At Thompson’s we would like to reassure all our clients that as far as possible we are operating as normal. The health and safety of our staff and clients is our primary concern during this outbreak and as such we are reviewing the situation on a regular basis and will be adapting our working practices following government guidelines. However, we have had to make some minor changes to how we are doing things.

Following Government guidelines, we have temporarily closed all of our offices and our staff are now all working from home using secure technologies to ensure they are able to continue to progress with existing and new cases as normal. All face to face meetings have been cancelled, however we are continuing to hold these meetings via phone and video calls. All the team are contactable on their direct dial numbers and email should you need to speak with your solicitor, please do not hesitate to talk to us about anything during this time.

We know these are uncertain and unsettling times for many of our clients, and the wider population, and things might look a little different for the foreseeable future. But our focus remains on our dedication, knowledge and strength that we provide to all our clients. We will continue to provide updates over the coming days and weeks in accordance with official guidelines and to keep everyone informed of the situation.

As always, for any concerns, advice and updates on your case; Talk to Thompsons.

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Welcome To Our Blog

This will be the place to find all breaking news and updates from Thompsons and personal injury litigation in general.

For hundreds of trainees across Scotland, they have had to adapt to an entirely new way of working. In March 2020, I was in the same position. With six months left until the end of my training contract, the way I worked completely changed. It will be a month that I will never forget. At the start, I was in the office at my desk and by the end, I was navigating an entirely new way of working by ‘working from home’.

2020 was filled with novel challenges and dangers across the world and, even as events continued to unfold throughout the year, there was always a focus on getting back to some kind of normality. Now that 2021 has arrived it’s clear that a lot of the changes so many of us have had to make are not temporary, and that 2020 was not a short departure from normal life but a clear dividing line between Before Covid-19 and After Covid-19.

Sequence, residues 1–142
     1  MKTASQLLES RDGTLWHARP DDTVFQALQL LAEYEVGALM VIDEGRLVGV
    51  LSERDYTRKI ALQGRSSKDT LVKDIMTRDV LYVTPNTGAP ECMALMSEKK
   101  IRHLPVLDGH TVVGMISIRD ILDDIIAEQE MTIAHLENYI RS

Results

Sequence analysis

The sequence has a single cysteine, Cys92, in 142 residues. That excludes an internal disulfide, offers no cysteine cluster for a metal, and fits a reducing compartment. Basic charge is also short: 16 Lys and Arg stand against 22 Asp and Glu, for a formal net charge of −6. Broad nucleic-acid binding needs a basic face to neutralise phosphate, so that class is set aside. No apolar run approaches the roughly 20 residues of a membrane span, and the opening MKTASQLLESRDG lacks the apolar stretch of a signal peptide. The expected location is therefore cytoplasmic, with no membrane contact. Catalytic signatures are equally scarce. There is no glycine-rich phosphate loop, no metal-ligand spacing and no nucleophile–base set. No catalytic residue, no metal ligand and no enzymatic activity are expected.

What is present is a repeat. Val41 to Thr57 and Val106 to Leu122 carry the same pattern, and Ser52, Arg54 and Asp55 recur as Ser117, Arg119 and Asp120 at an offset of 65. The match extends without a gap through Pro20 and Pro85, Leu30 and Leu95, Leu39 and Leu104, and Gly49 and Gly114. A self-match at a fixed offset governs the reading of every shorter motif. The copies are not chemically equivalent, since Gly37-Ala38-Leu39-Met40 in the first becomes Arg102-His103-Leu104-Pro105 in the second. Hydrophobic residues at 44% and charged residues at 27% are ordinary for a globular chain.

Social media use in last 15 years has increased in both volume and the types of content shared, leading to a norm of many users saying and sharing what they want, when they want. Misinformation, disinformation and fake news have become part of the content we view daily and largely accepted as one of the downsides of online communication.

As a number of areas of Scotland are going through their second phase of lockdown, there are many individuals that will be struggling more than most. For many survivors, abuse can be centred around the home. This year, Police Scotland and the National Domestic Abuse helpline has marked a staggering increase in the amount of calls that have been received in relation to domestic abuse.

In recent years, there has been an increasing amount of press surrounding trial shifts and whether or not people should be paid for them. Currently in the UK, unpaid trial shifts are legal and to date there is no real definition for them.

HMRC issued guidance in order to try and minimise trial shifts being unpaid. HMRC state that ultimately the decision lies with tribunals and courts to decide whether the minimum wage should be paid in specific cases. This does not provide a lot of protection for people who are being asked to come in for an unpaid trial shift. There is no uniform guidance on how long a trial shift should be and there certainly is no consistent execution of the guidance to unpaid trial shifts by employers.

We don’t just use the phrase ‘Talk to Thompsons’ we truly believe it is good to talk.  Which is why we have launched the Talk to Thompsons podcast and thank you for joining us in our discussion today.

It’s been a while since our last episode of Talk to Thompsons and there have been a few changes.  Firstly, this episode is hosted by Hazel Berryman from our marketing team with a more open discussion between our guests.

Both the Scottish Child Abuse Inquiry (SCAI) and the England and Wales Independent Inquiry into Child Sexual Abuse (IICSA), were established in 2015 following growing numbers of allegations of abuse and changing societal pressures to look into how that abuse occurred. Much of this gained momentum after the 2011 death of Jimmy Savile, however survivors had been calling for independent inquiries for at least a decade before that.

In 2019, Scotland was the first part of the United Kingdom to legally ban smacking. The smacking ban bill was first introduced by MSP John Finnie. With the support of other MSPs, and many child protection charities, he argued that smacking teaches children that ‘might is right.’ The intention was to send a strong message that violence was never acceptable at any time or place.

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